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FBI's biggest-ever mob bust shows where Mafia still holds sway

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Mob remains 'resilient and persistent'

The scale of the arrests may come as a surprise to many people. But law-enforcement officials as well as organized crime experts say it shows that organized crime continues to be a blight on society. And even though former law enforcement officials, such as Rudolph Giuliani, former attorney general for the southern district of New York, made inroads in the crime families, the families remain active.

“The mob has shown itself to be resilient and persistent,” said Janice Fedarcyk, assistant director in charge of the FBI’s New York division. “Arresting and convicting the hierarchy of the five families several times over has not eradicated the problem.”

The scope of the mob’s continuing crime activities, as detailed in a two-inch-thick stack of legal documents, included murder, loan-sharking, arson, narcotics trafficking, extortion, robbery, illegal gambling, and labor racketeering.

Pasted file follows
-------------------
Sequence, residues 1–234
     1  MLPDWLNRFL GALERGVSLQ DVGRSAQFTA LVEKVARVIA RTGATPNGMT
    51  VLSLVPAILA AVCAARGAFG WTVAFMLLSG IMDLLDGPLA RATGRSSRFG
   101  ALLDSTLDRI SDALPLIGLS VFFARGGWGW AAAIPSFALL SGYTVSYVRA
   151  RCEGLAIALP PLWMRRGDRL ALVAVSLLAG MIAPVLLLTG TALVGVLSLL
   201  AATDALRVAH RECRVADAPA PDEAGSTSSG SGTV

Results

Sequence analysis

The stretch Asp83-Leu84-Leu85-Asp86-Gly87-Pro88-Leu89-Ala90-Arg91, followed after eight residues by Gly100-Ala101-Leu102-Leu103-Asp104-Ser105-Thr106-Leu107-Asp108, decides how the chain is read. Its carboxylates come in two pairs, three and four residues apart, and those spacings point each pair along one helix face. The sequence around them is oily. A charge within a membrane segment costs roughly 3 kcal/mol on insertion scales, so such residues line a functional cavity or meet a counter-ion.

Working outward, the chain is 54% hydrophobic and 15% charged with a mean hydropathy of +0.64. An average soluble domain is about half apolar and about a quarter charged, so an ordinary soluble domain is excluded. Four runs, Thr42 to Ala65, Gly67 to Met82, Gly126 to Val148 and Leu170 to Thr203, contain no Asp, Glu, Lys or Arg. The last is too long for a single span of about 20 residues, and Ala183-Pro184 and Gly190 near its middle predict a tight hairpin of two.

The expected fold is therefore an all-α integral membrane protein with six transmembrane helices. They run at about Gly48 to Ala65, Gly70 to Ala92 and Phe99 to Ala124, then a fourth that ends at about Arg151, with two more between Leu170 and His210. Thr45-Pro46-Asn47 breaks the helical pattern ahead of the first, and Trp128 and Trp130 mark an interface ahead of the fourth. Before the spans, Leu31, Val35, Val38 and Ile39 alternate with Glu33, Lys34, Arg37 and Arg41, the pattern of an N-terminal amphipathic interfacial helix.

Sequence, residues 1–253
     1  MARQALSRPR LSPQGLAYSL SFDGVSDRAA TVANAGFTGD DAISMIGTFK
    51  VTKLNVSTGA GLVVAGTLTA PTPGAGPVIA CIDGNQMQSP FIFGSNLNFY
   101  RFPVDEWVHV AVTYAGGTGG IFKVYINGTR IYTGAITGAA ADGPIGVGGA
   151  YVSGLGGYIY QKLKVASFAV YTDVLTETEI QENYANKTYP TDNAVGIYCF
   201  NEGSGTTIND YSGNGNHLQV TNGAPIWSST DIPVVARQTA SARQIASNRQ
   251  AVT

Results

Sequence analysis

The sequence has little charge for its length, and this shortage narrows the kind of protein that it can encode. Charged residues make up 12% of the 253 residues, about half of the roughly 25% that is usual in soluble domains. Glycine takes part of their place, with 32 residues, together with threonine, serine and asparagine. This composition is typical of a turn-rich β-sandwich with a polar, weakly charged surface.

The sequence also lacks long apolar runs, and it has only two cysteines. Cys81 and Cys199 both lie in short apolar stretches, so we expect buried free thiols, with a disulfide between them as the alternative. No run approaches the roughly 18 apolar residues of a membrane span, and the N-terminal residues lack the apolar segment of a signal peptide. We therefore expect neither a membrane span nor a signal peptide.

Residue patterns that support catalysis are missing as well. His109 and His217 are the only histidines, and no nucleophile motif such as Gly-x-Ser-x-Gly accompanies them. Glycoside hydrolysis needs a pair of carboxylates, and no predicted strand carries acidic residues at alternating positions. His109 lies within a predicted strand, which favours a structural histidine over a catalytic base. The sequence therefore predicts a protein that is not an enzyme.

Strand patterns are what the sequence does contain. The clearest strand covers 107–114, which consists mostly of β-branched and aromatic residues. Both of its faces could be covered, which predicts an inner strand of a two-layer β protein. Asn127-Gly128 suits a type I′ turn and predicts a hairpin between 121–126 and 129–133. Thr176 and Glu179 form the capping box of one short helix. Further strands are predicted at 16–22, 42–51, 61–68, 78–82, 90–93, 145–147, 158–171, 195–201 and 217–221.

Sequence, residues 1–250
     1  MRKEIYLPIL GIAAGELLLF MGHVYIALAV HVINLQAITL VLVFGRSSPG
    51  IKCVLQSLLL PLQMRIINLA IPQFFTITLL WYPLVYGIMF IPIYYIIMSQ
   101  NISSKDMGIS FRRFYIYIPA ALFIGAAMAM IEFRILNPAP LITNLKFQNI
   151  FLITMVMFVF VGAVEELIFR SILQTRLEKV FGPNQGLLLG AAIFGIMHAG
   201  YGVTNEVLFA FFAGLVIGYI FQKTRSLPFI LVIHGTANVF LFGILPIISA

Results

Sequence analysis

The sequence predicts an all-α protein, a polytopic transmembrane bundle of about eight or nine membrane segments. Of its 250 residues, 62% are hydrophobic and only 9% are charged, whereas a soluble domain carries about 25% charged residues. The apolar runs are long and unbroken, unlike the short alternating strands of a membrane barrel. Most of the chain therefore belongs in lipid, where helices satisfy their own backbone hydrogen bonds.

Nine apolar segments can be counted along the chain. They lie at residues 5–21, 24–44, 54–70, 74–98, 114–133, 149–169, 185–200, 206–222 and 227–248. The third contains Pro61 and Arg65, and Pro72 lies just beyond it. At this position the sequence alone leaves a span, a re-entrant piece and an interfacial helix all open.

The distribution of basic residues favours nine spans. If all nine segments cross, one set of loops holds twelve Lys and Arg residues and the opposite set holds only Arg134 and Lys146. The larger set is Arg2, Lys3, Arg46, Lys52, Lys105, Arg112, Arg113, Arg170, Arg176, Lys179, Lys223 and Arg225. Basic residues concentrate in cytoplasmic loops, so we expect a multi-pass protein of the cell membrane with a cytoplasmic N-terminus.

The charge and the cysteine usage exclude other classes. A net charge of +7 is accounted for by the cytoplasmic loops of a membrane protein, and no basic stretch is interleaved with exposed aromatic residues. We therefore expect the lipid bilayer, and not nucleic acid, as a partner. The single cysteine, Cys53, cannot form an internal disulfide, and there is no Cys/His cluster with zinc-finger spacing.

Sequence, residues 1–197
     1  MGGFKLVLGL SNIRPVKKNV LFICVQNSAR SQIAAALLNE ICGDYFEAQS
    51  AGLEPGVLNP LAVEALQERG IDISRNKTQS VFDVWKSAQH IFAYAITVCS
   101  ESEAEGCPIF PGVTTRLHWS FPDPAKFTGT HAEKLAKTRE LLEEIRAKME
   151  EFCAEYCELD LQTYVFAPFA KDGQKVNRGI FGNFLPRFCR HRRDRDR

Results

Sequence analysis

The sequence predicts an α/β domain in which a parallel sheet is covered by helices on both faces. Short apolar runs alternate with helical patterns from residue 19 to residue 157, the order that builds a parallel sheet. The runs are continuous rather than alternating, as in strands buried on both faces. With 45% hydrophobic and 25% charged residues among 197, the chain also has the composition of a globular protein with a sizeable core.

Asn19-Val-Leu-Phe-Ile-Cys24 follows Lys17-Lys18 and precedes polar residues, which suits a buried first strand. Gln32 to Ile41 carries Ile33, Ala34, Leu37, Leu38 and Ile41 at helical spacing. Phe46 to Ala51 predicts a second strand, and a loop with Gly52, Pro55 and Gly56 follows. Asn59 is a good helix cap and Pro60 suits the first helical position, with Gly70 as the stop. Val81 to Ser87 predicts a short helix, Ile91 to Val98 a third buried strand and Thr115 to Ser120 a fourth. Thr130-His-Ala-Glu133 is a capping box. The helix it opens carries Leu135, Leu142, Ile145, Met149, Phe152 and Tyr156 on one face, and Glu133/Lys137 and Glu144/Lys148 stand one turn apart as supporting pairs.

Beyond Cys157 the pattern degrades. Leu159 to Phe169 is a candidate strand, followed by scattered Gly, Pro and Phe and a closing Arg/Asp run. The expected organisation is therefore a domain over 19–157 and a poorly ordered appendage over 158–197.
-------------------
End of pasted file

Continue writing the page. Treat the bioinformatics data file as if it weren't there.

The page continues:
According to the indictments, the Colombo Family has long had control of the Cement and Concrete Workers Union Local 6A.

“The La Cosa Nostra is entrenched in certain industries, especially time-sensitive industries where they can control the timing and flow of goods and the labor force has an ability to impose extortionate demands,” says Randy Mastro, a former US Attorney who prosecuted organized crime figures in the 1980s.

The indictments also indicate the Mafia is continuing to operate on the piers. According to the indictments, the Genovese Family extorted members of the International Longshoremen’s Association (ILA) to force the men to give a portion of their annual Christmas royalty payments to the mob as a sort of tax.

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